This post contains spoilers from Maul: Lockdown.
Maul: Lockdown had more similarities to Razor’s Edge, the previous Star Wars release, than I expected, including female characters with a lot to unpack. I predicted some time ago that the author would have a hard time fitting female characters into a story about an all-male jail, but there are two: Warden Sadiki Blirr and dark Jedi Komari Vosa.
“It was always my intention to have the Warden of Cog Hive Seven be a woman -- that just made sense to me.” said Schreiber in an interview.
As the warden of Cog Hive Seven, Sadiki Blirr has a lot of authority. She and her brother are as vicious and cold as their jobs would imply - if she operated within the Republic, Blirr would likely be in jail herself. She’s given no quarter because of her gender, and was involved in what I thought were the most frightening scenes in the book.
Both female characters are described as beautiful despite their circumstances, which I could have done without. It seems like every woman in the Star Wars is uncontestedly beautiful, and none of the men get so much attention paid to their appearance except to point out how grotesque they are.
The second woman is Komari Vosa, who first appeared in Bounty Hunter (a game I’ve never played) and who became infatuated with her Jedi Master, Dooku. It’s unclear where the book takes place in the timeline of her life as told on Wookieepedia, but it’s possible that it is one of her first missions as a dark sider. At times she seems like a chaotic figure, similar to Bellatrix Lestrange in Harry Potter; at other moments she seems to be set up as an ally for Maul. She is the capstone of the novel, really. Komari doesn’t really come out of nowhere, in that the Bando Gora were mentioned the whole time, but if you don’t know her backstory it feels a bit like she does. She’s a powerful figure, a masked woman at the command of a masked army, although the mask is off by the end of the book and there’s a little bit of vulnerability there. She and Maul save each other.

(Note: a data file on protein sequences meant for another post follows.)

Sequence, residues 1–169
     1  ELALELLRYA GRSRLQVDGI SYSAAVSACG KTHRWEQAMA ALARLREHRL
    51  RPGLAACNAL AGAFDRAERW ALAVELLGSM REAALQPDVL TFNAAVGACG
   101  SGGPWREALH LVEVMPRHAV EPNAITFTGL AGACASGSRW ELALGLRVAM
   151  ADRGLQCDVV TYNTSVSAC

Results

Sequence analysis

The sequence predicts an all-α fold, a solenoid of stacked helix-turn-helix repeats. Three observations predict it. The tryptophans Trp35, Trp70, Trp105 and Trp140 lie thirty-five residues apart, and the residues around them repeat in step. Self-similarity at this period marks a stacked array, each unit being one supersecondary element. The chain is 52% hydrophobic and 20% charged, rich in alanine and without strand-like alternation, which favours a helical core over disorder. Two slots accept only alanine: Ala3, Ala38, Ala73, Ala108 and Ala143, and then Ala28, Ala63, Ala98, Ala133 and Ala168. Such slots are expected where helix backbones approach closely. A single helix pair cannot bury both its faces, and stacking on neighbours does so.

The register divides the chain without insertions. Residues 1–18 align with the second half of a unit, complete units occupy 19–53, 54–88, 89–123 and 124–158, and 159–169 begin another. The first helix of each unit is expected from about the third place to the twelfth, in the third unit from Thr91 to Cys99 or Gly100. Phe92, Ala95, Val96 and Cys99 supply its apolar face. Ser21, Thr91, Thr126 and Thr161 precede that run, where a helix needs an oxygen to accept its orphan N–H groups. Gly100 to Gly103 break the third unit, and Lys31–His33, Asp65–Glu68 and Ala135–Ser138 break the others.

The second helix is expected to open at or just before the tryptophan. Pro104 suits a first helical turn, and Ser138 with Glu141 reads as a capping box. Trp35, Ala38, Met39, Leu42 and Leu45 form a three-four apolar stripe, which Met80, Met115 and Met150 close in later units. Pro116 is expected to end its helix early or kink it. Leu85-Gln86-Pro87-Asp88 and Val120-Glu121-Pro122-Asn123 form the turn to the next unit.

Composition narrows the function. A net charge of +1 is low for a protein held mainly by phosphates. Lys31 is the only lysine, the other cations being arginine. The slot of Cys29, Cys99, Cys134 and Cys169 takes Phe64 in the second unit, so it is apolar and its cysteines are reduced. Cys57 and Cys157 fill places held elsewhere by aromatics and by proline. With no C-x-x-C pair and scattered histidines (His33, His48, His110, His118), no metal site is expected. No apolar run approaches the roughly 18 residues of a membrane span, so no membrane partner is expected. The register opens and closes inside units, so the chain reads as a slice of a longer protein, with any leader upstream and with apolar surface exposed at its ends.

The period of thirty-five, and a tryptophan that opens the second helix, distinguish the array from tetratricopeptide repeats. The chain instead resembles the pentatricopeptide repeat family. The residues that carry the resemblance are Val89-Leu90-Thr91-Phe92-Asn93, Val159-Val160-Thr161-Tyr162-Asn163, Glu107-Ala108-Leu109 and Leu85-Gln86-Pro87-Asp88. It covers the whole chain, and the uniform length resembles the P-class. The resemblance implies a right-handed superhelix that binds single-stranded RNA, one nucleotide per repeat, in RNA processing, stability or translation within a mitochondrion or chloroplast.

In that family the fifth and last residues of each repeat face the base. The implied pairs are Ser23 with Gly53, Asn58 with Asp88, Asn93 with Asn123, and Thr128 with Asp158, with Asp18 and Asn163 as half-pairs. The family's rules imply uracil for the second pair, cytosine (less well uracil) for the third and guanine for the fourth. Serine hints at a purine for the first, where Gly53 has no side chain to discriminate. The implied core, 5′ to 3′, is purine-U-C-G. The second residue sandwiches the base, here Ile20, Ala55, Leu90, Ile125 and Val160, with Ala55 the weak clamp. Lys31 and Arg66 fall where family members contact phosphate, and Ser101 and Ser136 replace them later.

Schreiber writes that Vosa was the more difficult of the two, partially because she was an established character: “I wanted to stay true to whatever we knew about her already -- there wasn’t a ton of information out there, but there was enough that I didn’t want to screw it up, and I had to consult a few Star Wars fans who were a lot smarter than me and get their advice before proceeding. In the end, I’ll just say it was a lot of fun having the opportunity to get inside her head.”
I only know about Bounty Hunter from Wookieepedia, but it does seem like Schreiber did a good job of giving some dimension and color to a pretty straightforward antagonist. She’s not an incredibly unique character, reminding me of both Ventress and Tavion from the Jedi Academy video game. Sadiki does better on that front.
It’s ironic that on the Coffee With Kenobi podcast last month I was struggling to think of another female crime lord besides Viest in Razor’s Edge - Sadiki fits the mold while having a very different attitude and different tactics.
The last year in Star Wars especially has given lie both to the assertion that science fiction stories led by women won’t be successful and to the assertion that there aren’t any varied female characters. Leia and many others in Razor’s Edge, Ania Solo in Legacy II, Annileen in Kenobi, and Lanoree in Into the Void have lead some pretty great Star Wars stories. There’s still the occasional problem child, like Laranth Tarak in The Last Jedi getting the classic fridge treatment in order to increase the male lead’s angst. I would have liked a few more incidental female characters in Lockdown - a pilot for Jabba the Hutt, maybe, or someone marginally involved with Darth Sidious’ plot on Coruscant, or even the head of the gambling commission. I also would have liked if Sadiki didn’t have to use her feminine wiles at a major plot point. But Lockdown did a lot better than I thought it would integrating female characters into the story. There’s no denying they’re there, and there’s no denying that they’re important.